Internet connectivity brings pet collars into 21st century
New technology from PetPace shares health info in real time.
And now there's a new invention to add to that growing list: an Internet-connected collar. Developed in Israel by two entrepreneurs and a veterinarian, PetPace provides peace of mind to pet owners. Last year, the company received the "Most Promising Startup" in Israel award.
PetPace specializes in the remote monitoring of vital signs – everything from your dog or cat's temperature to their heart rate. The low-power, wireless collar is fitted with an array of sensors that report abnormal vital signs and send an immediate alert regarding any suspected condition. This allows the owner or the vet to take preemptive action to protect the pet’s health. The collar also keeps track of activity and calorie intakes as well as what lounging positions your dog enjoys – you know, like when he's doing a downward dog yoga pose.
"As a first-time dog family, this product would be amazing at helping us understand what our rescue dog Misty wants and needs," Dr. Elliot Berlin of Los Angeles told From The Grapevine. "It takes some guesswork out of providing her with the best care."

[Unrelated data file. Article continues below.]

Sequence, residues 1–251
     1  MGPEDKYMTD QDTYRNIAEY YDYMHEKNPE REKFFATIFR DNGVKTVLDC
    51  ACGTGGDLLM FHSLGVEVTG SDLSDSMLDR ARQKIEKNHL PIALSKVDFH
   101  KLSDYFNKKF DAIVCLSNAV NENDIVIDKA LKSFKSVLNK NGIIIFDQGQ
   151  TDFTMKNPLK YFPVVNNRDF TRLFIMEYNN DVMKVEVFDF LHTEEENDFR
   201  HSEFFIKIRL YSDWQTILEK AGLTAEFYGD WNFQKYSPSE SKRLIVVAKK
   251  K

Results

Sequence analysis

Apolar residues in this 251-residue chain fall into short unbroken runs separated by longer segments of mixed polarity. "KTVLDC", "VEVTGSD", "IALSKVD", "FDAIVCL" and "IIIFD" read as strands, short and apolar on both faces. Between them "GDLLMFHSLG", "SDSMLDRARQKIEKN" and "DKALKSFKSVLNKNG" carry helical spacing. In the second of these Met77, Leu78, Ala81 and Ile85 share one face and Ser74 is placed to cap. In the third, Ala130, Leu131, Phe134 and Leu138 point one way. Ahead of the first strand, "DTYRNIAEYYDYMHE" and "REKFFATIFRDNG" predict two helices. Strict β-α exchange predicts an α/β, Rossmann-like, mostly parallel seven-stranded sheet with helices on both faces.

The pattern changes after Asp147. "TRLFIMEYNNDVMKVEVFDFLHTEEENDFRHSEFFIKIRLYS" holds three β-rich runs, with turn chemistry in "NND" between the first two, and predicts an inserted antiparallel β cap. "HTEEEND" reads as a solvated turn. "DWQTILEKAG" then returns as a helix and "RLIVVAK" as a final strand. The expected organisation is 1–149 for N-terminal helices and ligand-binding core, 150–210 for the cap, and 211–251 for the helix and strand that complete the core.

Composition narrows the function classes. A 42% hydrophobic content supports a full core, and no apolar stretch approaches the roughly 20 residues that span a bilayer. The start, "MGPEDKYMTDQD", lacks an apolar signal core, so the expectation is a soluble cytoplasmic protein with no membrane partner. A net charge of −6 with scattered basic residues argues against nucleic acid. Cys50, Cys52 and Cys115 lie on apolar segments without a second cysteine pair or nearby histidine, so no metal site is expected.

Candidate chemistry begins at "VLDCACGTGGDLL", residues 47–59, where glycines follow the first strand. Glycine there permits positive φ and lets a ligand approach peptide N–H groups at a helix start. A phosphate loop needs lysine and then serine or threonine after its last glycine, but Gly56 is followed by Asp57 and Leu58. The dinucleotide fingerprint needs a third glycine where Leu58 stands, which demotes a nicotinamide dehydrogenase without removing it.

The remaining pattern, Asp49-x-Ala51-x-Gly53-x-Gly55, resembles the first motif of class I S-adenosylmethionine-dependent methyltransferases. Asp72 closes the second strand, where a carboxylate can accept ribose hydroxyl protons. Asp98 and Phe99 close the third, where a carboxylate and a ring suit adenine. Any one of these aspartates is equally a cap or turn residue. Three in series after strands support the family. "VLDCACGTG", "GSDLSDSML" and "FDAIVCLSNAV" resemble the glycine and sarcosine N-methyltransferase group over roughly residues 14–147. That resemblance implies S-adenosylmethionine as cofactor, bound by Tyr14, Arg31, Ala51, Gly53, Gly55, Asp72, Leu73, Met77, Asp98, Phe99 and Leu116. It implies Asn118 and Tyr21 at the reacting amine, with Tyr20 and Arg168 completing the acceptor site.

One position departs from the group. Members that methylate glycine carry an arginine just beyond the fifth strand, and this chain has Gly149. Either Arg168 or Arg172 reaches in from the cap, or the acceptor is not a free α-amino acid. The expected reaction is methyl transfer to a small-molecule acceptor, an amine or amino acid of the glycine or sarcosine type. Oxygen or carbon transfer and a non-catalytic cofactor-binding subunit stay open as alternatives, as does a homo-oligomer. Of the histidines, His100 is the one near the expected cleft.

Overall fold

PetPace was recently chosen for Intel's prestigious Ingenuity Partner Program. As part of Intel's renowned, exclusive technology accelerator, the company will produce a new version of its collar integrating Intel's newest wireless connectivity chip. “We are pleased and honored to have been chosen from among hundreds of companies by Intel, and see this as further confirmation of our global leadership in the pet wearable tech arena,” said Avi Menkes, CEO of PetPace.
PetPace announced the Intel partnership at the Mobile World Congress in Barcelona, one of the largest technology events in the world. PetPace joins about 150 other Israeli high-tech companies with booths at the convention this year. The Israeli companies make up the conference's fourth-largest delegation, after the U.S., Britain and France. The four-day event attracts nearly 100,000 people.
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Related Topics: Animals